• Give your child plenty of liquids. This will help prevent dehydration. Ask how much liquid your child should drink each day and which liquids are best for him or her. Give your baby extra breast milk or formula to prevent dehydration. If you feed your baby formula, give him or her lactose free formula while he or she is sick.
  • Give your child oral rehydration solution as directed. Oral rehydration solution (ORS) has the right amounts of water, salts, and sugar that your child needs to replace lost body fluids. Ask what kind of ORS your child needs and how much he or she should drink. You can buy an ORS at most grocery stores and pharmacies.
  • Continue to feed your child regular foods. Your child can continue to eat the foods he or she normally eats. You may need to feed your child smaller amounts of food than normal. You may also need to give your child foods that he or she can tolerate. These may include rice, potatoes, and bread. It also includes fruits (bananas, melon), and well-cooked vegetables. Avoid giving your child foods that are high in fiber, fat, and sugar.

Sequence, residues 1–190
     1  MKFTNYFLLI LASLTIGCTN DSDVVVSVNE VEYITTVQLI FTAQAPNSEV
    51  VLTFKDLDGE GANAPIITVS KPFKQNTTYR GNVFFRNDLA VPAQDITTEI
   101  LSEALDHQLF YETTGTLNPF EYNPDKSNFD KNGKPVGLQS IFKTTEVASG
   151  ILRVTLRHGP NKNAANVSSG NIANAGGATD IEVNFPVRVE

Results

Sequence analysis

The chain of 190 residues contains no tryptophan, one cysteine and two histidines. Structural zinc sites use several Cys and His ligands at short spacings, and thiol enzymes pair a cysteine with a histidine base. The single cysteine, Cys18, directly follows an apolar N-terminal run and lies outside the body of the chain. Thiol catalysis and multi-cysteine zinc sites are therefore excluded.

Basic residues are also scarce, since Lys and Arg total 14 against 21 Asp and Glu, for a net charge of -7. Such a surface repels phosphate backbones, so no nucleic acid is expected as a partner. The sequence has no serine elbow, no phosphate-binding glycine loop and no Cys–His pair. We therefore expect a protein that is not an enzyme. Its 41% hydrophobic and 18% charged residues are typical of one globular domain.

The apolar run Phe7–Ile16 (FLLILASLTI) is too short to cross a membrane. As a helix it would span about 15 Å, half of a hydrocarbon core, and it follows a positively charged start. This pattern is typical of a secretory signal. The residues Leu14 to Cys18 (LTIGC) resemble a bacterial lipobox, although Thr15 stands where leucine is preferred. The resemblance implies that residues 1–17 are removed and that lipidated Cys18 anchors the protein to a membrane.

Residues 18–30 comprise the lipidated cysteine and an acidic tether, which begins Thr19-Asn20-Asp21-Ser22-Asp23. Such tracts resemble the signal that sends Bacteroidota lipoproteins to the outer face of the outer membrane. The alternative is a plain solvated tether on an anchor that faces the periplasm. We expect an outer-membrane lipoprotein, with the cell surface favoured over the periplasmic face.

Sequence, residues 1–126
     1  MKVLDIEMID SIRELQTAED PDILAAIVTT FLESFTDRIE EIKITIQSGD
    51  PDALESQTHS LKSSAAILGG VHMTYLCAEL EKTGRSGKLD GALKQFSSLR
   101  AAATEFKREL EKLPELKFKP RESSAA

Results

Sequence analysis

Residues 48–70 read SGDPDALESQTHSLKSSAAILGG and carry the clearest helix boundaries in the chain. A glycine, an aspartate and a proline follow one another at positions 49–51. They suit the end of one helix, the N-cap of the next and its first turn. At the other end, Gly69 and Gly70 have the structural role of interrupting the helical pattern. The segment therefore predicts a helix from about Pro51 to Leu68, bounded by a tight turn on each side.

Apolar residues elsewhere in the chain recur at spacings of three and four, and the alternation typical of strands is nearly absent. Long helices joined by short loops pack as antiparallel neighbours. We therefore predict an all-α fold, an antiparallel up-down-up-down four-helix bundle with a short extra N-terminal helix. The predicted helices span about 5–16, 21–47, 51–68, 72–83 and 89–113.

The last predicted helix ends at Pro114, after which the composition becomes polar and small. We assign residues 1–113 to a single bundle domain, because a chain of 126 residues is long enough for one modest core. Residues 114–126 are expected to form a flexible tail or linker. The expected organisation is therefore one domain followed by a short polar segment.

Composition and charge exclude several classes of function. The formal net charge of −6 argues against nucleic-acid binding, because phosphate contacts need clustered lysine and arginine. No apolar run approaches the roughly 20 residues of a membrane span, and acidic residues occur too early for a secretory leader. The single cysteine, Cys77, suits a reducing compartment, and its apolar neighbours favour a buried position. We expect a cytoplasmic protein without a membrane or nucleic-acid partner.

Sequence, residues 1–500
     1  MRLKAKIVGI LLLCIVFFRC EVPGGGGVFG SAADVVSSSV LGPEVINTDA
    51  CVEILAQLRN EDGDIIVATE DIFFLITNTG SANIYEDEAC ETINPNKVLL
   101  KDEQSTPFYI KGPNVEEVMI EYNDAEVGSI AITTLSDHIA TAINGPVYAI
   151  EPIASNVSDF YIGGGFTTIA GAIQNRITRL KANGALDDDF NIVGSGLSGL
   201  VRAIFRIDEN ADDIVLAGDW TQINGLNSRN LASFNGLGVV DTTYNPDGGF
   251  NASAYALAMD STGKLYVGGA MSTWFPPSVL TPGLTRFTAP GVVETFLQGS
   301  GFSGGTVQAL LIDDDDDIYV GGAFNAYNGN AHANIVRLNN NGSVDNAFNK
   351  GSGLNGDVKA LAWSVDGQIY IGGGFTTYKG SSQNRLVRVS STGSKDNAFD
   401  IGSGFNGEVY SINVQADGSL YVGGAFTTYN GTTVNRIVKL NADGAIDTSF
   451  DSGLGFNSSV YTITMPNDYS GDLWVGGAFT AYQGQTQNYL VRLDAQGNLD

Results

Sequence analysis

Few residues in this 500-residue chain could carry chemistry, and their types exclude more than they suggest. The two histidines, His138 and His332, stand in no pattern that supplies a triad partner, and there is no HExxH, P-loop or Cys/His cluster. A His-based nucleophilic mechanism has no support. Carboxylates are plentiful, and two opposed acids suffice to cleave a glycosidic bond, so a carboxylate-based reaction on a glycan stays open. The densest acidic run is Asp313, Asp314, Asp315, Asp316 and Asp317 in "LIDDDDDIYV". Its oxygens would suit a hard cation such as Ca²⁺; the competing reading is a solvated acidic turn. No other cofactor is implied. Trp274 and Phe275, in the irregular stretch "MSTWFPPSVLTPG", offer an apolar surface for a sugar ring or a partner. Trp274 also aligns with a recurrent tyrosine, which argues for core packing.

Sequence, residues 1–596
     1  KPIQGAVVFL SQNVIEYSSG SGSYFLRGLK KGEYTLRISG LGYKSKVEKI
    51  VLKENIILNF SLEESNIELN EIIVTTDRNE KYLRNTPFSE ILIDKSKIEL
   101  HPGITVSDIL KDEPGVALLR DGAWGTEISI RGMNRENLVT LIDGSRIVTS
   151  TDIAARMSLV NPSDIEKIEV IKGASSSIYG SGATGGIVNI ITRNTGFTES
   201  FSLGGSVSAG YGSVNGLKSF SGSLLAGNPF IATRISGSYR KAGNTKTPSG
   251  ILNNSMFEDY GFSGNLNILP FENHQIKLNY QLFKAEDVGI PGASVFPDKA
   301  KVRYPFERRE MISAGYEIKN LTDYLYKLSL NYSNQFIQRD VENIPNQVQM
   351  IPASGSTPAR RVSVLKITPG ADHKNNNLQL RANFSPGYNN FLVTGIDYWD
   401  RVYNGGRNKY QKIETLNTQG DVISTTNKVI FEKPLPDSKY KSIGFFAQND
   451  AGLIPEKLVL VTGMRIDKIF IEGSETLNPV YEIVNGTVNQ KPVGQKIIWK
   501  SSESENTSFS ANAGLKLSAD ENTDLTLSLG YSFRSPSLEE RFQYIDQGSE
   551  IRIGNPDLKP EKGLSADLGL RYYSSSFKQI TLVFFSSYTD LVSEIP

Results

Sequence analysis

How can I help prevent acute diarrhea in my child?

  • Remind your child to wash his or her hands well and often. He or she should use soap and water. Your child should wash his or her hands after using the toilet and before he or she eats. You should wash your hands before you prepare your child's food and after you change a diaper.
  • Keep bathroom surfaces clean. This helps prevent the spread of germs that cause acute diarrhea.
  • Cook meat as directed before you feed it to your child.
    • Cook ground meat to 160°F.
    • Cook ground poultry, whole poultry, or cuts of poultry to at least 165°F. Remove the meat from heat. Let it stand for 3 minutes before you feed it to your child.
    • Cook whole cuts of meat other than poultry to at least 145°F. Remove the meat from heat. Let it stand for 3 minutes before you feed it to your child.
  • Place raw or cooked meat in the refrigerator as soon as possible. Bacteria can grow in meat that is left at room temperature too long.
  • Peel and wash fruits and vegetables before you feed them to your child. This will help remove any germs that might be on the food.